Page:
“Where is it safe to stab someone?”

What would you say if a young person asked you this question?  At a BRAVE (building resilience against violence and extremism) training session with a year group of teenagers in a secondary school in Birmingham, questions were invited.  A genuine query from one was ‘where is it safe to stab someone?’ They thought there might be parts […]

My Son joined ISIS: Unravelling the web of deception in radicalization.

On 1st June 2015 Rasheed Benyahia, aged 19, travelled from Birmingham to Syria to join Islamic State.  Within 6 months he was dead.  In the film just released My Son Joined Isis, his mother Nicola Benyahia tells his story and hers.   It is a gripping narrative, with the recurrent pounding questions – how is it that nobody knew?  […]

What works in educating against extremism? My report for the University of Gothenburg.

The 8 key principles. When it comes to educating against extremism, two fundamental questions inevitably arise – what works, and how can we measure it? Eight key principles of effective PVE (Preventing Violent Extremism) emerge from an extensive global review I have just completed,  commissioned by the Segerstedt Institute of the University of Gothenburg. They were interested in what […]

Should teachers engage in conversations on violent extremism if they don’t feel professionally ready to do so?

A free, online Guide has just been launched by UNESCO called Preventing Violent Extremism through Education:  A Guide for Policy Makers (2017).  This is particularly designed for policy makers in Ministries of Education, but also planners, curriculum developers, teacher trainers, school heads, teachers, counsellors and school managers. Report structure I was one of the two lead authors […]

Q+A Factsheet: What should teachers do in the event of a terrorist attack?

In light of the Manchester terror attacks, how should schools and teachers respond when there has been a terrorist attack in UK or elsewhere?  Students will be asking questions, talking among themselves, talking with families.  Schools cannot ignore events, however controversial and disturbing it is to raise them.  Here’s our top tips. SIX SUMMARY POINTS […]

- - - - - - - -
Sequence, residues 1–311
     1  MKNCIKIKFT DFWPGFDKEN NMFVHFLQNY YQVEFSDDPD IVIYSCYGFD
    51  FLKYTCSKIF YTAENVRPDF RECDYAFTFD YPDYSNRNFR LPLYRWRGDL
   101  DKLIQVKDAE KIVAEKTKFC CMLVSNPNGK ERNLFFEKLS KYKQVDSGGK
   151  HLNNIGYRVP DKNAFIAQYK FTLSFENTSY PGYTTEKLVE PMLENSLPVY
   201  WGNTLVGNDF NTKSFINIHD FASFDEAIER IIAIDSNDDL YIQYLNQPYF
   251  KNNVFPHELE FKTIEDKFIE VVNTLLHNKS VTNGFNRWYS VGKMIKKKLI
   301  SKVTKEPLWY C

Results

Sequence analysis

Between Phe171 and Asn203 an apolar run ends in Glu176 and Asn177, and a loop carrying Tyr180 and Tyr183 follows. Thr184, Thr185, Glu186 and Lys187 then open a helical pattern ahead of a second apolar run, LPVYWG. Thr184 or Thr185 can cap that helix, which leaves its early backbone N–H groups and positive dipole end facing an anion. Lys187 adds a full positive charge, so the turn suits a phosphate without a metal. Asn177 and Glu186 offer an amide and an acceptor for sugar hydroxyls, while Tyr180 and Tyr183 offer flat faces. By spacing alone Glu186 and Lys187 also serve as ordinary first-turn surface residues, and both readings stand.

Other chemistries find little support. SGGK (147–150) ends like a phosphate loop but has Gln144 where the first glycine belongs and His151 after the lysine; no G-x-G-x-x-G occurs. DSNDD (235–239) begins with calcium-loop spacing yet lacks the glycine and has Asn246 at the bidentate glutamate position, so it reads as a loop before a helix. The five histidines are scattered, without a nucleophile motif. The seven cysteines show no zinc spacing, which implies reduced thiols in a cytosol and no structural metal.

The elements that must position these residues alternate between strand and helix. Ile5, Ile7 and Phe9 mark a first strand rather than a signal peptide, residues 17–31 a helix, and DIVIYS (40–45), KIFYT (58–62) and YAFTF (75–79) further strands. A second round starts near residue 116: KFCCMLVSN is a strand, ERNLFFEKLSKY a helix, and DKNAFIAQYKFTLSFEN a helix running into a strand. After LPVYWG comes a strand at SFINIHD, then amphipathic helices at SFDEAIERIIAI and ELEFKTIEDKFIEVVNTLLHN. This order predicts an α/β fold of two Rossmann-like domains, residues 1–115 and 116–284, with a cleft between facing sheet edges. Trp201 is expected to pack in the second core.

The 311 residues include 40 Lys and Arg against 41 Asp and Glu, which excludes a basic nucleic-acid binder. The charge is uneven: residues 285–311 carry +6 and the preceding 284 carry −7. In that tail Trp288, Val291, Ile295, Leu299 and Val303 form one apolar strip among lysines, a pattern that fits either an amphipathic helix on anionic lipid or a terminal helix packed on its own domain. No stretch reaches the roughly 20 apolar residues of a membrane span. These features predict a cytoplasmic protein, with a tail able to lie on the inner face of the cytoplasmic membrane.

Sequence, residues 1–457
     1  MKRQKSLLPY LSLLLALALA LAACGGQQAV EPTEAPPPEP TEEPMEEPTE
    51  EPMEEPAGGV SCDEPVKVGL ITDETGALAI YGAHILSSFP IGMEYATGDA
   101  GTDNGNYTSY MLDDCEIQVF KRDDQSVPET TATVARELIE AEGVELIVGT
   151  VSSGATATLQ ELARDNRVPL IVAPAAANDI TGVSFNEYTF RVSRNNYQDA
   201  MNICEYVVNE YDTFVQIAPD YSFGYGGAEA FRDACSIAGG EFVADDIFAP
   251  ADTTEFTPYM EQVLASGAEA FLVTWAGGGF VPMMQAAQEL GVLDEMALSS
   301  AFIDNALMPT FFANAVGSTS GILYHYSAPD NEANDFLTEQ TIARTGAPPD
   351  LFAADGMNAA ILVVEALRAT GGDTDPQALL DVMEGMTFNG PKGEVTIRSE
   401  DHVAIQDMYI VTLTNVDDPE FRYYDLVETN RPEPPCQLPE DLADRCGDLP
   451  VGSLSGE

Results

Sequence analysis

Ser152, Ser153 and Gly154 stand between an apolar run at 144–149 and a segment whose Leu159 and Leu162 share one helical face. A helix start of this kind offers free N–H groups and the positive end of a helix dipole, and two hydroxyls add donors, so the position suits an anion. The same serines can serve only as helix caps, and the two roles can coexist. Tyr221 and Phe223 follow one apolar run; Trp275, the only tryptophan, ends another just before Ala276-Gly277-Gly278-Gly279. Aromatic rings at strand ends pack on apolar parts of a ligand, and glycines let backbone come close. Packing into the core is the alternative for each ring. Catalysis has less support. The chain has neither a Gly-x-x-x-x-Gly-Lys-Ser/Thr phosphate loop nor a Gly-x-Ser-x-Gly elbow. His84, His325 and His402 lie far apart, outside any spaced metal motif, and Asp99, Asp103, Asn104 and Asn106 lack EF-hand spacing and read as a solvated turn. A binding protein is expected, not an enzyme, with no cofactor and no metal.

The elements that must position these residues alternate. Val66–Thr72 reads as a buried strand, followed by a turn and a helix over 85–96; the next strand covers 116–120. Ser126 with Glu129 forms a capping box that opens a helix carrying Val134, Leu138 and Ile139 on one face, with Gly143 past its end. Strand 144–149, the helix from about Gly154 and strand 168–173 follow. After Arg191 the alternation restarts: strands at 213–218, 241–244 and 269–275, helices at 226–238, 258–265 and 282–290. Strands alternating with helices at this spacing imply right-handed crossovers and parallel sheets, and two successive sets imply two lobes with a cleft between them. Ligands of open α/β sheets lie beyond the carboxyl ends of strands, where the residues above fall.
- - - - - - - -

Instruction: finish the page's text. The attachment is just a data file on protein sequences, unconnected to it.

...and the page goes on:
Is it safe to invite a former extremist into schools to talk to your students?

At a recent showcase of our films of former extremists talking about their experiences, secondary school students (alongside teachers) were intrigued to meet one of them live, with the opportunity to ask questions. Amongst other things, students were fascinated to know whether Shahid regretted becoming a fighter and being involved in violence.  His answer was complex.  The path that he […]

What Should Teachers Teach about Donald Trump?

One of the banners on the Women’s March in London to protest against President Donald Trump read ‘LITERALLY EVERYTHING ABOUT THIS IS SO AWFUL I HAVE NO IDEA WHERE TO START’.   In some ways, teachers pondering on how to talk about Trump in their classrooms are spoiled for choice.  Virtually everything is a ‘teachable moment’.  […]

A citizen of nowhere: can Global Citizenship Education help in Preventing Violent Extremism?

At the 2016 Conservative party conference, the British Prime Minister Theresa May attacked the workings of the rootless ‘international elite’ with the words “If you believe you’re a citizen of the world, you’re a citizen of nowhere”.   Global citizenship education (GCE) has struggled over the years with the somewhat amorphous notion of what it means […]

The problem of sexual harassment in schools.

Our SOS+ Co-ordinator CJ welcomes that the issue of sexual harassment in schools is being addressed and explains how SOS+ service at St Giles Trust can help. The shocking and saddening statistic from the Women’s Equalities Committee (published 13 September 2016) report which shows nearly 59% of girls and young women had experienced some form of sexual […]

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